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Daily bite-sized proptech and property news in partnership with Estate Agent Networking.
Bitcoin value rises and PayPal integrate cryptocurrency
In recent months, due to soundbites from Elon Musk – which are known to have a significant effect on the markets – plus the Chinese crypto-crackdown, numerous cryptocurrencies have been languishing in the doldrums.
Now bitcoin, the mother of all cryptocurrencies, has broken the $50,000 dollar mark, a 3-month high. PayPal has also thrown its hat into the ring, launching a service for UK-based customers to buy and sell bitcoin, ethereum, litecoin and bitcoin cash.
The big question for the banking fraternity is of course the volatility of the currency, which has seen bitcoin rally and crash time and again, before rising more than 80% since the start of January 2021.
Wall Street and a lot of global wealth institutions simply do not like the erratic nature of bitcoin, but as the months go by, it is becoming evident that a decentralised currency may become a mainstream way of doing business.
Will the Government tax property classes in the autumn?
There are murmurings that the Chancellor of the Exchequer is now poring over the financial books to see where taxes can claw back some of the cash used to survive the harsh realities of the pandemic.
Many landlords fear that the Government creep towards favouring institutional landlords rather than accidental landlords who dominate the PRS could result in yet more taxation falling on their heads.
Certainly with John Lewis signalling that being a landlord on a build to rent basis, as well as Lloyds also eyeing up to 50,000 rental properties over a number of years, it does seem to show that the pendulum may be swinging a certain way.
It has always been the case that chancellors tend to give with one hand and take with the other, and whilst stimulating the property market might seem a great idea, rapid increase or decrease in property prices tend in the long term to be a detriment to all stakeholders.
It might well be a tactical game of wait and see as the furlough scheme gets rolled up and we can see the true number of businesses that have folded during the pandemic. And of course, repossessions and the 25% of mortgage borrowers who have missed at least one payment will also filter into the equation. So too will inflation, which historically has been kept in check by increasing the bank of England lending rate.
The coming months are going to be a testing time for those who own property and also for those who are tenants, as any extra taxation usually translates into higher rents for those at the bottom of the housing ecosystem.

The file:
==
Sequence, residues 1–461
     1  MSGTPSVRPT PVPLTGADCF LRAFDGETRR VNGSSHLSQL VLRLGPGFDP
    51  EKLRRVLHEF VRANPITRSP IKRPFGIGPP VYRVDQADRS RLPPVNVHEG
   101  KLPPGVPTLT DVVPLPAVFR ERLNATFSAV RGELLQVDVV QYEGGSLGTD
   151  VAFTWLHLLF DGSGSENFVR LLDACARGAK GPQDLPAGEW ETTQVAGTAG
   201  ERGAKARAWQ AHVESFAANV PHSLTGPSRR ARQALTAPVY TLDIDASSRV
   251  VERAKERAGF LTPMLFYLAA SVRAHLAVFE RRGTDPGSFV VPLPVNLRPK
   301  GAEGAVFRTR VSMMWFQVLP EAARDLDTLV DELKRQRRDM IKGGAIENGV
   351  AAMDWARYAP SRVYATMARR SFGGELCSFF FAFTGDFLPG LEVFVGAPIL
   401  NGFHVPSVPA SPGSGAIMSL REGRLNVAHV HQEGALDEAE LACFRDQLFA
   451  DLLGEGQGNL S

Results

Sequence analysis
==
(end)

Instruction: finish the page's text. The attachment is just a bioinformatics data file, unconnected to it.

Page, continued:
Will the Internet of Things of the Internet of People be the future?
We have all heard the phrase Internet of Things (IoT). It is attributed to Peter T. Lewis who in the mid-1980s felt that society was fast hitting a tipping point where sensor-driven technology could form a whole ecosystem, knitted together by the internet.
Well as we race into the 2020s with smart homes and smart cities being built at pace, especially in legacy-free areas such as China, it would seem that humans are fast becoming a marginalised part of the process.
It has been calculated that in less than four years, by the end of 2025, there will be more than 21 billion IoT devices on the planet, including your smart fridge right the way through to your heating or lighting system.
The real quickener in the mix is 5G, as it scales up so too will the efficiencies it brings as data and services become turbo-charged. But, for all the technological connectivity, how connected will individuals be?
At present we have the Internet of People (IoP), where people and their devices are not just end-users, but active players of the internet. Yet isolation, mental health issues and self-identity crises loom large as we arrive at the start of our evolution into being inhabitants of this Brave New World.
Many of the themes described in Aldous Huxley’s prophetic dystopian masterwork of 1932 are coming to the fore at an alarming rate, leaving some historians and futurists on edge.
Pushing aside the ethical or real-life benefits of being cocooned in a nurtured paradise where sensor technology provides us with what we want and desire, the question of greenness is of course becoming an ever-concerning matter.
Recent analysis suggests that by the end of the decade if IoT continues to sprawl out, the amount of electricity needed to keep the whole system going will come at a substantial cost to our environment.
And now, as a fortnight of Extinction Rebellion demonstrations begin in central London, is it time to think about how people fit into the equation, and the future of our planet?